Journey System – Memorising Words using Journey System
Lesson Objective: To be able to remember a larger set of items using the Journey System.
The journey system is a powerful technique for remembering. It is based upon remembering stops in a journey and associating the items to be memorised, to the locations in your journey. An example of a journey could be one around your house. The Living room being one stop, the Kitchen being the next, Bedroom, Bathroom, Backyard, and so on. You can have many journeys and as many stops in each journey as you like. For example, some people have a 52 stop journey that they always use to memorise a deck of playing cards. They simply associate each card to a stop in the journey. One card per stop. Example, King Of Spades can be seen as a large spade being used to take hot bread out of the oven (oven being one stop in the journey). A more detailed lesson on memorising playing cards will be posted in the near future, so do not despair if you are having great difficulty memorising a deck of playing cards at the moment using only the information in this lesson. On with the lesson…
Here is Ron White describing the journey method:
Here is a little girl using this method:
Try making up a journey with 10 stops now. Make sure you can visualize and remember the stops clearly and with as much detail as you can as this will help with the recall process. Once you have made your 10 stop journey, it is time for the fun to begin. The aim is to associate the item to be memorised with a corresponding stop in your journey. Just say I want to remember the items:
Tennis ball, Amplifier, CD, Book, Stereo, Guitar, Playing Cards, Glue, Subwoofer and Cake.
Living room: I’d imagine it filled with TENNIS BALLS to the ceiling with family and friends falling about and playing games. I see Andre Agassi popping out from underneath a pack of balls. I throw the tennis ball at his shiny head.
Kitchen: I carry my guitar AMPLIFIER across the kitchen when I suddenly slip and the amp goes flying into the kitchen sink. I examine to see the extent of damage when I suddenly receive 10,000 volts of electric shock.
Bedroom: I wake up one morning hoping I’d find money from the tooth fairy, but instead I find a cheap pop CD that I hate.
Bathroom: Reading my favourite BOOK in the toilet when Oh noo it slips out of my hands and falls into yes you know where.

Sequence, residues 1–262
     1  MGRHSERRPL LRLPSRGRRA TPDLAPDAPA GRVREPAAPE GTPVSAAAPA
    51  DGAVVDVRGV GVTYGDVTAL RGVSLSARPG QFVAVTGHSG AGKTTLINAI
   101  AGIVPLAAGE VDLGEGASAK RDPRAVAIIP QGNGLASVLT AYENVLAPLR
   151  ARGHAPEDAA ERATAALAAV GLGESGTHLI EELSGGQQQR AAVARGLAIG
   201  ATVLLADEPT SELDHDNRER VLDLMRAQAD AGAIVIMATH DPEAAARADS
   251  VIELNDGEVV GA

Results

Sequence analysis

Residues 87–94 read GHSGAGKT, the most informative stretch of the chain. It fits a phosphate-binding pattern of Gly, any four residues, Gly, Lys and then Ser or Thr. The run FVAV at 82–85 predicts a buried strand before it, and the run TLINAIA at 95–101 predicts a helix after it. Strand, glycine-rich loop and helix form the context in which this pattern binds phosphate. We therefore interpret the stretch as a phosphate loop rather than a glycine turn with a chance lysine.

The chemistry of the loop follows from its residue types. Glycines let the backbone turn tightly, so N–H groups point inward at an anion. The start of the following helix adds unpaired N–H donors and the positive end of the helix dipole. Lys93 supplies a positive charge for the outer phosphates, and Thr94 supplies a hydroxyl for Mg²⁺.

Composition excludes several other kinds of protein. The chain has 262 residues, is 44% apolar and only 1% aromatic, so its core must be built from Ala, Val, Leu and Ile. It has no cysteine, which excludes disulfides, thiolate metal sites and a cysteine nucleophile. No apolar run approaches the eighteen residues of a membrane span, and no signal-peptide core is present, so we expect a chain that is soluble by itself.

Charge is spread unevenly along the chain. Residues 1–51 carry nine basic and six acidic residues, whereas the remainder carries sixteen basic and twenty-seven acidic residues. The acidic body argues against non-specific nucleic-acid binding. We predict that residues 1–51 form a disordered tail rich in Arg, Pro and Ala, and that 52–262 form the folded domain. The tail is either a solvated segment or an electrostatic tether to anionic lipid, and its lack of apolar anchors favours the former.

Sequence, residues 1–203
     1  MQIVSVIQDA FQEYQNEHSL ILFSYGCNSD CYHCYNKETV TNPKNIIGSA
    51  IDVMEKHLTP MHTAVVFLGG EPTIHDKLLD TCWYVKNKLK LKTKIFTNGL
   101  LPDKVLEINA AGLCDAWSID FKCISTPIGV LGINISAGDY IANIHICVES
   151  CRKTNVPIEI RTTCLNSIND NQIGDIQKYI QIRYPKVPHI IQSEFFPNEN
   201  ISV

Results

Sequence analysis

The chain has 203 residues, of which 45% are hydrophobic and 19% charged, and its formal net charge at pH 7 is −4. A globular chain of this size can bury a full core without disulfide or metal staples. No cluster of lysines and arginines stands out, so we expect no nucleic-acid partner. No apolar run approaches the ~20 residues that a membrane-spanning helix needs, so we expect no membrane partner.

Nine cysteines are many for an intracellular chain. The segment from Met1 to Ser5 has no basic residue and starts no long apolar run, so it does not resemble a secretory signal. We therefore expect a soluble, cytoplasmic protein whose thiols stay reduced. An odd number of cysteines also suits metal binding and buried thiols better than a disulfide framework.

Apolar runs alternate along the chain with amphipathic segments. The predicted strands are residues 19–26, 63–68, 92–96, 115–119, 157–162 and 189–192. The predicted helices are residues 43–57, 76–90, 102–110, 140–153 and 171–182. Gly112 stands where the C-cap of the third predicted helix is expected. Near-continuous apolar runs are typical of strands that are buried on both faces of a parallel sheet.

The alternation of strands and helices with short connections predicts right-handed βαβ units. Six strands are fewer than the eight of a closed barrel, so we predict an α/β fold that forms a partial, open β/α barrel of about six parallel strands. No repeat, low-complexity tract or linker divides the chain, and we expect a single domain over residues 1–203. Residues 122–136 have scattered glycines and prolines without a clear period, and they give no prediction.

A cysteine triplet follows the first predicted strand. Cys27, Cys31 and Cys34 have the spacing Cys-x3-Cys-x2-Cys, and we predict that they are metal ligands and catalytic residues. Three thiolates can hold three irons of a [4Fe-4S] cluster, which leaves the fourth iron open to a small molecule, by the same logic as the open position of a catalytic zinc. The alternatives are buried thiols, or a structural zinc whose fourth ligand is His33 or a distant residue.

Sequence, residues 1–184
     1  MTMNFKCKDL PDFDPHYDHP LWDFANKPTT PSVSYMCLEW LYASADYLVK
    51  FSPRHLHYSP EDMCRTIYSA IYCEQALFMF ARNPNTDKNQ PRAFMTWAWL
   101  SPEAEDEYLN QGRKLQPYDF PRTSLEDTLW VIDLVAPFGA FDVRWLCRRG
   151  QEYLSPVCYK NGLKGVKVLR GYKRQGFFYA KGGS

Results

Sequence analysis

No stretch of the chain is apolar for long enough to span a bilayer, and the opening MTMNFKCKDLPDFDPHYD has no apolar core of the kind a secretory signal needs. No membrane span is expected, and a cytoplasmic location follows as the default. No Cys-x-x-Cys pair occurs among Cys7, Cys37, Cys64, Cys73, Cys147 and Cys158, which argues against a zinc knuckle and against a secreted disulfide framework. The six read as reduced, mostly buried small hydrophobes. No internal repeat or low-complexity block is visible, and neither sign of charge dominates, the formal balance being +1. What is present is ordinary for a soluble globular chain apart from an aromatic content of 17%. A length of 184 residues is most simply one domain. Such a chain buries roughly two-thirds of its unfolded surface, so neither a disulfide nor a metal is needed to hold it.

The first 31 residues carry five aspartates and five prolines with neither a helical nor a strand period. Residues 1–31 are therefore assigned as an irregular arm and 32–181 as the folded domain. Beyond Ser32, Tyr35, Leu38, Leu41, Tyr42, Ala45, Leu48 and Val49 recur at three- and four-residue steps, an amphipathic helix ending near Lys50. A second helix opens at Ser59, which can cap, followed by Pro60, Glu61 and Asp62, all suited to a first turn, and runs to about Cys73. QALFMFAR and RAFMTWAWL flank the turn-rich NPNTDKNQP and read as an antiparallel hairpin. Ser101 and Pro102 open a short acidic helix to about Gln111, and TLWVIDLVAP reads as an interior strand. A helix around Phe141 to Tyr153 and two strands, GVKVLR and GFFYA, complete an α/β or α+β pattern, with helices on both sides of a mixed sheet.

Backyard: Having a huge barbecue out the back. The boys are playing cricket. Music and dancing for the women. All of a sudden the ball is smashed into the brand new 50 stack CD STEREO. Pieces of plastic break off the STEREO sprinkling all over the backyard
Study: My annoying little brother comes into the study while I’m doing some research and shows me he can play Metallica with an off tune GUITAR. I end up trying to snatch the guitar off him but I get electrocuted instead. zZZapP!
Balcony: I decide to memorise a deck of PLAYING CARDS. Due to an error I flick the cards out and eventually throw the deck off the balcony in frustration. The cards shower a pedestrian crossing by.
Swimming pool: I decide to lie down and tan beside the pool. I ask my little brother to bring me some suntan lotion but instead he brings me GLUE. I whack on the glue thinking its suntan lotion. I start chasing my little brother around the pool with my hands glued to my face.
Garage: My mate is installing the third 15inch SUBWOOFER for my car in the garage. Once installed we put our ear muffs on and test the system. The next day I get complaints from New Zealand saying my system was a tad loud.
Gymnasium: I’m going for a record 350 kilo bench-press. On my eighth rep my evil little brother comes running in out of nowhere and slams a massive CAKE into my face. Luckily nothing happens to me because I’m huge and we both end up laughing the moment away.
As you are making up your stories try to relax, do not rush anything, take as much time as you can. The more detail you imagine while developing your story, the easier it will be to remember. For more notes on Relaxation and concentration see Lesson 9 (not released yet). Use your senses to touch, smell, hear, see, and taste the item to be remembered. Try picturing the item as being extremely big, maybe even as big as the universe. Imagination is endless.
Exercise: Create a journey with 20 stops and try to memorise 20 items.
Note: Your journeys must be concreted into your memory! You must know them better than your own address! If you can, also try to interact with the stops in your journey. This helps to create more powerful associations.